When scanned vertically through 0.7 cm to form a square image, the time average power density at the retina drops further to less than 1/300th of this power: Average Power Density of laser line scan (full field 7 mm×7 mm)˜2 mW/cm2.

The key safety feature of the LSLO is that even if the vertical scanner fails, no laser interlock is needed because the stationary line itself is eye-safe over the few seconds required to move the volunteer's eye away. The fixed cylindrical optic, which cannot be removed without disassembling the instrument, ensures that the power density at the retina is lower than the quoted values.

The LSLO of the invention has been compared with SLOs of the prior art through the acquisition of wide field images. Forty degree field LSLO images in the left and right eyes of a human subject are shown in FIG. 7. Sharp images were obtained with the LSLO, and typical characteristics of confocal infrared image were seen: a dark disc, well-resolved bright vessel lumen, lighter arteries and darker veins, foveal reflex in some subjects, capillaries and choroidal vessels, and variations in pigmentation. The left eye above shows a retinal scar and some residual features of prior central serous retinopathy. Because of the relatively small pupil required for these images and the modest depth of field, clear images can be obtained well into the periphery. For comparison, a standard SLO image of the prior art at slightly higher magnification is shown in FIG. 8.

The capabilities of the LSLO of the invention are demonstrated by recording macular and disc images. A selection of twenty degree field LSLO images in a human subject are shown in FIG. 9. The images distinctly show veins and arteries, retinal nerve fiber foveal reflex, and other morphology.

In some embodiments, the LSLO provides the ability to collect stereo pairs. In conventional stereo imaging, the pupil aperture is optically split and two images are captured corresponding to the left and right fields. The parallax between the images contains the depth information. Depth of field is determined by the numerical apertures of the individual fields. Because of the finite depth of field of the LSLO with different viewing angles, it is equally effective at gathering depth information. But in addition, due to its confocality, defocused light from above and below the plane of focus is suppressed. This allows superior 3D visualization of deeper retinal structures.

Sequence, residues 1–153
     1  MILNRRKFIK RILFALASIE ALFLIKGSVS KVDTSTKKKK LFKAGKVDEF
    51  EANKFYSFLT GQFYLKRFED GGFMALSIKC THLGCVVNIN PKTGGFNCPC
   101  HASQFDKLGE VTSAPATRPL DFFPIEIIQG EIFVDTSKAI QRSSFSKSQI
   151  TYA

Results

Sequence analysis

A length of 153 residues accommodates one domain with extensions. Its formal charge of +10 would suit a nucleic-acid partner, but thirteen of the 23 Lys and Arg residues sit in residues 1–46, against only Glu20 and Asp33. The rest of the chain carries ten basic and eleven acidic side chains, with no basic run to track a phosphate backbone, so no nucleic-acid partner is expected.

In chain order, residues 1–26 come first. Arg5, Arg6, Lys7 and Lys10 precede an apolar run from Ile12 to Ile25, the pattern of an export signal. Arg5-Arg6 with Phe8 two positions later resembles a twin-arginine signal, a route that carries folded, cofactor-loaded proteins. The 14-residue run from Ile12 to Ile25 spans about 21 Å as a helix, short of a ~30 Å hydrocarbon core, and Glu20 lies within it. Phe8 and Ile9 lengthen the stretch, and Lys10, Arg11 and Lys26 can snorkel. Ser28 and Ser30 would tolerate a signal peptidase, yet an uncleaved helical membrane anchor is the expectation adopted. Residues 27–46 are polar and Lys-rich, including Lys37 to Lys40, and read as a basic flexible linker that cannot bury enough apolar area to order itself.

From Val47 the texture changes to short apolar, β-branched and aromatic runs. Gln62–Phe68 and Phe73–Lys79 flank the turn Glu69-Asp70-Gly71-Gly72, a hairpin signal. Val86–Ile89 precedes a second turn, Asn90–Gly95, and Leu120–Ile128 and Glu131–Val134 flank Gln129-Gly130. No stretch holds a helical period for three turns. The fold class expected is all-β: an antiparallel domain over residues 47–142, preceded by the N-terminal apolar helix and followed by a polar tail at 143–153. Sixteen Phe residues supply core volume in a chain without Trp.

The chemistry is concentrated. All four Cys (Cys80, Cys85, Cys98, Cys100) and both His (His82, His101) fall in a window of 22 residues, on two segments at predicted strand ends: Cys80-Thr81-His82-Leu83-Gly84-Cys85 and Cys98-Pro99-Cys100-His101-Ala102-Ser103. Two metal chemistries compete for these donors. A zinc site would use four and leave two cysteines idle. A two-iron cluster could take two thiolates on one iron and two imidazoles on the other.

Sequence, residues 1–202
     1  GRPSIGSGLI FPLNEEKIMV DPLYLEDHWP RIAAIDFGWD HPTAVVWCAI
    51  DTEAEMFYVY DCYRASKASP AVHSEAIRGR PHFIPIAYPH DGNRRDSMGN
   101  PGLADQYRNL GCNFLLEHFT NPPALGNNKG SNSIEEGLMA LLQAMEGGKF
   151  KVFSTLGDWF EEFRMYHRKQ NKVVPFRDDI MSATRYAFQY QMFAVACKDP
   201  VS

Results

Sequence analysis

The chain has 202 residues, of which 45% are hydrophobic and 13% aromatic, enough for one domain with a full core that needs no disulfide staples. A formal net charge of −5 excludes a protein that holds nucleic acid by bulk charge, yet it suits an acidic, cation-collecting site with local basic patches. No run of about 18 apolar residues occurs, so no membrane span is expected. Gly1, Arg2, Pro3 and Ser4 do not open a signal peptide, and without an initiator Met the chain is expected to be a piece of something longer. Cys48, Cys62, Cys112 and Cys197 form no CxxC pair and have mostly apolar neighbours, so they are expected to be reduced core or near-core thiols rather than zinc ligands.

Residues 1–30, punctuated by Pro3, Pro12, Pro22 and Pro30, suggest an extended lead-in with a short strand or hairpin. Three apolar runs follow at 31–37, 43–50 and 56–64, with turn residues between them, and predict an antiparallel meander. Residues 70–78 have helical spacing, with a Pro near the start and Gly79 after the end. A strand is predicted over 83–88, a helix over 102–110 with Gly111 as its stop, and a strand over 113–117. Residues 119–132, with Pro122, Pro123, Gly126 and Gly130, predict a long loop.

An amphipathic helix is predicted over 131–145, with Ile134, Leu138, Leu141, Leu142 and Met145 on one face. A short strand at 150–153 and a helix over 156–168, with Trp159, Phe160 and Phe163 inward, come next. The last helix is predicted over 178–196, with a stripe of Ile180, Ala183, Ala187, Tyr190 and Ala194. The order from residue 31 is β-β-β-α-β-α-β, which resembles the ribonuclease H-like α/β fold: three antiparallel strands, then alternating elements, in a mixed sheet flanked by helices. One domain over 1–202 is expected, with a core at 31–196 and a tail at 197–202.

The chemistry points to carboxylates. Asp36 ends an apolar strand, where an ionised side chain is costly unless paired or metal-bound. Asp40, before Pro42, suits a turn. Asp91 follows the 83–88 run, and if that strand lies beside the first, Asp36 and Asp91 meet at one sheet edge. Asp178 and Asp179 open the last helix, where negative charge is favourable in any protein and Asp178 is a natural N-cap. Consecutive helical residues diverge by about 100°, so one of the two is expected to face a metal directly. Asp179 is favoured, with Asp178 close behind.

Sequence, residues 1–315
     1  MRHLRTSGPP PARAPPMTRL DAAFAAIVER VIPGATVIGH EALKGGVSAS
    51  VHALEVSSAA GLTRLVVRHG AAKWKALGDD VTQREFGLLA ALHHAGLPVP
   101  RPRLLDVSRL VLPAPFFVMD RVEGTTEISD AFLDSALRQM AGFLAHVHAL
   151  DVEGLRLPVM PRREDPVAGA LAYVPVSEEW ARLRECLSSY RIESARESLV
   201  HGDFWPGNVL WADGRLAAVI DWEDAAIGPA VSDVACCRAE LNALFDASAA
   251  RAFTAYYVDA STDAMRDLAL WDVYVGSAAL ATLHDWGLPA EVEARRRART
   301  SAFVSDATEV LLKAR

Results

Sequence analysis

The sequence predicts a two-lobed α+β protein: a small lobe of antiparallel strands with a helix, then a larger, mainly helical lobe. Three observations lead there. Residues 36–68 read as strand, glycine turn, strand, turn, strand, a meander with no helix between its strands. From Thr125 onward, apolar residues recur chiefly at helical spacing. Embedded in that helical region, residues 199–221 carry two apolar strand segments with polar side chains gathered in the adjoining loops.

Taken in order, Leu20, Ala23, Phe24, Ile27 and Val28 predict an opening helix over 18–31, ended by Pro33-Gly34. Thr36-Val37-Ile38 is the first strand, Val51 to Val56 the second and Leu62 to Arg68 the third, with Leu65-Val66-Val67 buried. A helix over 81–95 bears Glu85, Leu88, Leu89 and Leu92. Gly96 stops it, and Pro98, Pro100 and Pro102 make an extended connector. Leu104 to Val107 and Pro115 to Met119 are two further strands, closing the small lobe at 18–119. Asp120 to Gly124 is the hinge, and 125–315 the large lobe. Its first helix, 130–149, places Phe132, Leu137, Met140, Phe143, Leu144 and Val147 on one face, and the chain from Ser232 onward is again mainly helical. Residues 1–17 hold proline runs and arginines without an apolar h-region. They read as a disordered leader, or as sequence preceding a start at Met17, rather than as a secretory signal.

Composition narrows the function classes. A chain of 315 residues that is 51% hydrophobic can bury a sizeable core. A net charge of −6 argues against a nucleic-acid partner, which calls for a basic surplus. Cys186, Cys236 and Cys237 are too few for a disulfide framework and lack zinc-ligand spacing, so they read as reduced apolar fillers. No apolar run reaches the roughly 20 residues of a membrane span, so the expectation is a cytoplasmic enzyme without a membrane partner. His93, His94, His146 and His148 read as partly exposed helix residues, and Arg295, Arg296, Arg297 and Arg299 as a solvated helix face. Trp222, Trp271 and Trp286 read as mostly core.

FIG. 10 shows illustrative disc image pairs captured in succession with the LSLO, with an approximately 1 to 2 mm lateral shift in pupil position. This purely lateral pupil shift allowed the same image to be captured at two viewing angles separated by 3 to 6 degrees and is an effective simulation of anticipated live-motion, split-pupil aperture binocular LSLO operation. These images are displayed side-by-side in FIG. 10 at the appropriate separation, so that when viewed from 2 feet (60 cm) or more from the page, the image can be made to fuse in a stereo view.

In FIG. 10, the shapes and orientations of the vessels near the disc are clearly visible. Left/right focus is slightly different due to successive image capture. The perception of a mild fogginess in the images is due to the low resolution in the images (500×512), and speckle. High resolution images, and perhaps super luminescent diode (SLD) illumination, can reduce granularity.

FIG. 11 shows a demonstration of confocal and anterior segment imaging. The image of FIG. 11 was obtained when the ophthalmoscopic objective was removed and the anterior segment of the subject's eye was placed at the conjugate image plane.